BWW Interview: DANCING AT LUGHNASA at Everyman Theatre Director Amber Paige McGinnis

BWW Interview: DANCING AT LUGHNASA at Everyman Theatre Director Amber Paige McGinnis

I had the opportunity to meet the Director/Choreographer of Everyman Theatre's DANCING AT LUGHNASA after opening night at Forno's Restaurant. She was a real delight and I thought would make a good interview. I was so right!

How did you get involved with DANCING AT LUGHNASA at Everyman?

Vincent Lancisi the Artistic Director approached me about directing when he was planning the season and Lughnasa was an instant fit. I told Vinny that I had been looking for an opportunity to direct some Tennessee Williams, Chekhov, or Sam Shepard, and somehow Friel's style of writing seemed to combine and hit all of the qualities that I love most about each of those writers but in his own distinctive Irish way.

Have you been to Everyman before? If so...what did you see?

Yes I've seen numerous shows at Everyman, I can't even remember them all! I know a lot of the artists in the resident company, so I've been a long-time fan of their work.

How did you get the opportunity to do Direct AND do the Choreography?

I offered! I come from a dance background- my mom ran a dance studio in my hometown in North Carolina so dancing and choreography is in my blood. I was thrilled to do both in the show- movement seems to make its way into every piece I direct.

Did the actors have difficulty learning the Irish steps which I thought looked really authentic?

They picked it up really fast! I had a few years of training in Irish step dancing from my old dance studio days, so we started with the basics and then grew the choreography from that. We were also heavily influenced by African dance, and so the fun part was figuring out ways to marry the two styles.

Have you ever lived in Ireland and if so where and when?

No, I've never lived there, but my husband Matt Torney grew up in Belfast, so we go there to visit at least once a year. My family immigrated from Ireland before the civil war so the first time I visited there I remember it feeling like going home.

You mentioned your husband Matt Torney is also a Director (and Associate Artistic Director at the Studio Theatre). He is directing IF I FORGET at there in DC. Have you found yourselves directing at the same time before?

Yes, we're both directors and after everyone sees Lughnasa they should go see his show at Studio! It's stunning and funny and heartbreaking. We were in rehearsals for both at the same time, which we've only done once before. It's wonderful having a partner who knows exactly what you're going through when you direct a show- you put so much of your emotions and creative energy into a play when you direct it. So yeah, for the last month the McGinnis-Torney household has had one foot in 1936 Donegal Ireland, and the other in 2001 Tenleytown, DC.

You now have two shows running at the same time. Besides Everyman's production, you are directing HOW I LEARNED TO DRIVE at the Round House Theatre in Bethesda. Has that every happened before?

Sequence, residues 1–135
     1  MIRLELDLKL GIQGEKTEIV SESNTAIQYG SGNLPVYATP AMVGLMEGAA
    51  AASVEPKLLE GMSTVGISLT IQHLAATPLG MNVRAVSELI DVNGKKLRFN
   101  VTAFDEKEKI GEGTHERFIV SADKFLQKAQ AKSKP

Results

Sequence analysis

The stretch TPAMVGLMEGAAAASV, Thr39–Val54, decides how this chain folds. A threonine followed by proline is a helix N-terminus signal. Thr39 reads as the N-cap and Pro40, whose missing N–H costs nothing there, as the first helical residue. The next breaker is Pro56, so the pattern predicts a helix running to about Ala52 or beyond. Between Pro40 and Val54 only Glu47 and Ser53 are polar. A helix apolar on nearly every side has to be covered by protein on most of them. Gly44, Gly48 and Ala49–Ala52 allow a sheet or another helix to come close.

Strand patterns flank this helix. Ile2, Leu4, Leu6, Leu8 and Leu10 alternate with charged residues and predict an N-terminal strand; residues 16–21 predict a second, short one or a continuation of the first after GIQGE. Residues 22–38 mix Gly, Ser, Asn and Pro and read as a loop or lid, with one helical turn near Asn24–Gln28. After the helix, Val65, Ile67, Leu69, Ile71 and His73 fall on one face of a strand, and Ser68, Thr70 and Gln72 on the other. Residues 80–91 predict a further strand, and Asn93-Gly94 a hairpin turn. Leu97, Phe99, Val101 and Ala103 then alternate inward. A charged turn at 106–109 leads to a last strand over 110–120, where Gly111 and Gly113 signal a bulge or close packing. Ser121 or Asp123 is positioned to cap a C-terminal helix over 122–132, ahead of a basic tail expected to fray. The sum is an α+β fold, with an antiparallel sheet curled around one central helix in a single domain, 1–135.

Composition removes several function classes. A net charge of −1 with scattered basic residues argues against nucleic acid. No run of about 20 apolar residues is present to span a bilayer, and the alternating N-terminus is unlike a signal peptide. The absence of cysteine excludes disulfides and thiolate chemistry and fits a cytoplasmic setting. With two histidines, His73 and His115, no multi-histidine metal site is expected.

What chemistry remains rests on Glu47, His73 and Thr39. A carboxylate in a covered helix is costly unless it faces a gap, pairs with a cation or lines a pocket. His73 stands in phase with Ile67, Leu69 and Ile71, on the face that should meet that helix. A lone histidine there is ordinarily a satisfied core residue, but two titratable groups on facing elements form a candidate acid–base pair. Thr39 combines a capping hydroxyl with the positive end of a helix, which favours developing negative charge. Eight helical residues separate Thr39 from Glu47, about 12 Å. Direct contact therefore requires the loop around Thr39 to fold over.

Yes, last year I was in previews for TOP GIRLS at Keegan Theatre at the same time I was in rehearsals for THE LAST NIGHT OF BALLYHOO at Theater J. The overlap can be exhausting, but I'm just so grateful for the work and it makes it easier when you're working with such amazing companies.

Have you ever directed a Brian Friel play and if so what?

No, this was my first time directing Friel. My husband had recently directed TRANSLATIONS at Studio, so it was exciting to do LUGHNASA right after that- it felt like the two plays were in conversation with each other. One focused on language, the other on movement.

How would you describe the play for patrons who have never seen a Brian Friel play?

LUGHNASA is a masterpiece of contemporary theatre. This play does everything good theatre should do: it makes us laugh, makes us cry, makes us love characters even when they are flawed, and doesn't spoon feed us theme or plot. It leaves us thinking: both enchanted by the memory of the past, and also disturbed by it.

What do you hope patrons will get from this production?

This is such a rich piece...I feel like audiences can walk away with a lot of different things. I hope they feel that they've spent time with characters they care about. I hope it triggers some of our own memories from the past; those defining moments where we experienced, as Michael does in the play, that "widening breech between what seemed to be and what was." I hope it engages our eternal struggle (or dance if you will) between the hopes/desires that come from within, and the pressures/expectations the outside world puts on us.

What do you have next on the agenda?

APM -HOW I LEARNED TO DRIVE at Round House Theatre in Bethesda is up next- We open in October (I'm already thrilled with how it is coming together- the cast is brilliant!) I also just finished producing and directing my first feature film called INTERNATIONAL FALLS. We're in the process of submitting it to film festivals around the country which is really exciting. So...hopefully we'll have an exciting premiere for that in early 2019.

DANCING AT LUGHNASA continues at the Everyman Theatre until October 7, 2018. It's a real treat.

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